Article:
New YVR postal plant a strong contrast with home delivery cuts as Canada Post seeks business transformation

With just two months to go before they move into Canada Post’s new $200 million Pacific Processing Centre at YVR, touted as one of the most technically advanced postal depots in the world, members of the Canadian Union of Postal Workers have plenty of questions about the future.

This week’s Canada Post announcement that it will cut 8,000 jobs, eliminate home delivery and sharply raise first class mail rates unfolded against widespread media acceptance that the national service is on the ropes and has no choice about the cuts.

But CUPW members believe the service could have a much brighter future if it would take a new approach to labour relations rather than treat the workers as a problem.

Example: why will many workers at the enormous new facility have to make do with only half-size lockers when they get full-size units at the old plant in downtown Vancouver?

“It’s just callous of them, they have plenty of room,” says John Bail, Pacific regional director for CUPW, who is helping negotiate the countless scheduling, health and safety and contract issues related to the move. (I interviewed Bail earlier in the fall as as I researched the state of Canada Post’s labour relations for a column in Business in Vancouver.)

Another bug-bear: the more than 500 security cameras in the new building. “They pay as little as they can and spy as much as they can,” declares Bail. He expects the workforce, now about 1,100, to dwindle to as little as 800 as the technologically-advanced plant hits its stride.

The workplace friction disguises a deeper reality: Canada Post and CUPW are working through a massive transformation of the nation’s postal service as letter mail revenues tumble into free fall and parcel mail registers major annual gains.

Or at least, they should be working together. This week’s announcement raises doubts.

Both employer and the union say they are committed to making that change and there are signs they could be successful.

That’s good news for businesses, both regional and global, who increasingly rely on online sales and parcel delivery for their success. Canada Post’s requirement to provide universal national service is vital for any businesses located outside urban centres, where the private sector firms focus their efforts.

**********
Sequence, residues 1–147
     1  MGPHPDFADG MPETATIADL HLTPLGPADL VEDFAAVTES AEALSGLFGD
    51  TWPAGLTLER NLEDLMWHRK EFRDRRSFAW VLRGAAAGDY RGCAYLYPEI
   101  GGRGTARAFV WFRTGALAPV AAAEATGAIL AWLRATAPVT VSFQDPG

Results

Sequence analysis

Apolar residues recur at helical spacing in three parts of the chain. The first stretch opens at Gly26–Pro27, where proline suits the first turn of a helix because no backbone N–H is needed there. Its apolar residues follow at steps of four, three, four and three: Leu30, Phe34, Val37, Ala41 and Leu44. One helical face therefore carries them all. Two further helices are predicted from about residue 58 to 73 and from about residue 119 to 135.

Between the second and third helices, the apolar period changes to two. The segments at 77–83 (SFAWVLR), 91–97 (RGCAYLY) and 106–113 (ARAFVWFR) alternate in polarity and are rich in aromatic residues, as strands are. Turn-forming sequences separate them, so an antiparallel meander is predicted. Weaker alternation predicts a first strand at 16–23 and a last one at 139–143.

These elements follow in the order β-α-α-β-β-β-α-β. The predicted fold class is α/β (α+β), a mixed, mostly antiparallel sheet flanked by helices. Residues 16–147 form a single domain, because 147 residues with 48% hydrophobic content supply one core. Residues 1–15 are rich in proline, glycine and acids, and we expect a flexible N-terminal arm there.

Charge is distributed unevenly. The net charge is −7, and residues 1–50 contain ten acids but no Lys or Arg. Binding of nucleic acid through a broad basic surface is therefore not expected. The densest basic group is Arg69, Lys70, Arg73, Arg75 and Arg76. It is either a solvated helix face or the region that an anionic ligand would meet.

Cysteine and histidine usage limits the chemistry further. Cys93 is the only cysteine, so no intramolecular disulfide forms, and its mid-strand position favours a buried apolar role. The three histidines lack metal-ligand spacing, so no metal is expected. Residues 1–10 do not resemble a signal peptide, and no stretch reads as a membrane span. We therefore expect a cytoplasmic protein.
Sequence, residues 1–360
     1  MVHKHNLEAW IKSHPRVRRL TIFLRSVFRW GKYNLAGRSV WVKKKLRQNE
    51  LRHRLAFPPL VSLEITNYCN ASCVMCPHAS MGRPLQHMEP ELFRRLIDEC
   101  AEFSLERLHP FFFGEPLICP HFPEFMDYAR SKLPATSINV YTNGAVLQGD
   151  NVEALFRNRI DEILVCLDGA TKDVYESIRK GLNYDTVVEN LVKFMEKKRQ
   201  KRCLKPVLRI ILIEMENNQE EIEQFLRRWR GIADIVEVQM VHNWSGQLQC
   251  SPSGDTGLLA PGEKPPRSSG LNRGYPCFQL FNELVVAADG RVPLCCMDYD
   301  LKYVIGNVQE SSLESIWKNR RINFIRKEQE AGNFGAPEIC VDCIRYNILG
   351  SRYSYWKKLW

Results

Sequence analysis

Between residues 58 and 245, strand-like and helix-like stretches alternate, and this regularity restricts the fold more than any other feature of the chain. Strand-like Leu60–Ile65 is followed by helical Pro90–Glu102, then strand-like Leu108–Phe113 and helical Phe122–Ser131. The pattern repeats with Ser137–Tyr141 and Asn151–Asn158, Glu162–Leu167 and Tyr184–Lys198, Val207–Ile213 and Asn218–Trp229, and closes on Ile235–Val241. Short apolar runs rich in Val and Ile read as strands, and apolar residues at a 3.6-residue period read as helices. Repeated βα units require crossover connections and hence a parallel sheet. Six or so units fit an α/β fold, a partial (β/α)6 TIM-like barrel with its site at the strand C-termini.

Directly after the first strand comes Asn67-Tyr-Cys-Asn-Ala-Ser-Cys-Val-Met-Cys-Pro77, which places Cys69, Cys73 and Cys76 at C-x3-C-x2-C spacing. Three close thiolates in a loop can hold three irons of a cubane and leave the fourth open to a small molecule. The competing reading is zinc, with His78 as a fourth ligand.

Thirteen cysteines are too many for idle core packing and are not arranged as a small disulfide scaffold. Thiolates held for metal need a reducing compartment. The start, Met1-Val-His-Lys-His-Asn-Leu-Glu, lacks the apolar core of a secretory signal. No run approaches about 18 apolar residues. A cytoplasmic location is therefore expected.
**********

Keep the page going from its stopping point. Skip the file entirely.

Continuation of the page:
Forget the old stereotypes about a “horse and buggy” business meeting its inevitable reckoning. Canada Post is better positioned than its global counterparts to make this change and its $2 billion Modern Post business transformation will mark a key milestone here in Vancouver.

As CUPW research director Geoff Bickerton points out, Canada Post has the best financial record of any postal service in the world, offering lower-cost services in a massive service area.

Despite serious declines in letter mail, the company reported a $98 million pre-tax profit on postal operations last year, generated in large part by $152 million in pension and benefit savings negotiated with CUPW under a new collective agreement.

Unlike some unions, focused on maintaining the best of the past, CUPW has a lengthy list of additional innovations it is advocating to extend Canada Post’s business lines and the jobs they generate. At the top of the list: more retail outlets and provision of basic financial services, as is done in many other countries.

Canada Post is not standing still. In September, it inaugurated Delivery Tonight service in the Greater Toronto Area, guaranteeing “this evening” delivery of online purchases from retailers like Best Buy, Indigo and Walmart.

But both union and management agree the launch of the Vancouver plant is a vital element in the transformation strategy, ensuring Canada Post can provide its best possible service to customers moving documents and parcels between Asia and North America.

The new plant will shrink delivery times, allow online parcel tracking and improved productivity, said Anick Losier, Canada Post’s director of media relations. The number of employees will not decline if Canada Post succeeds in growing the business.

As for the half-lockers, they have not been an issue at the existing Richmond plant. The cameras? Canada Post makes no apology for providing tight security.

When moving mail by rail was cutting edge, the new Vancouver Main Post Office included a dedicated tunnel to the CPR station on the city’s waterfront. They were too late; airmail took over and the tunnel was never used.

Now Canada Post is preparing for another transformation.

The lights will soon be on at the PPC. How well employer and union make the new plant work will say a lot about Canada Post’s future.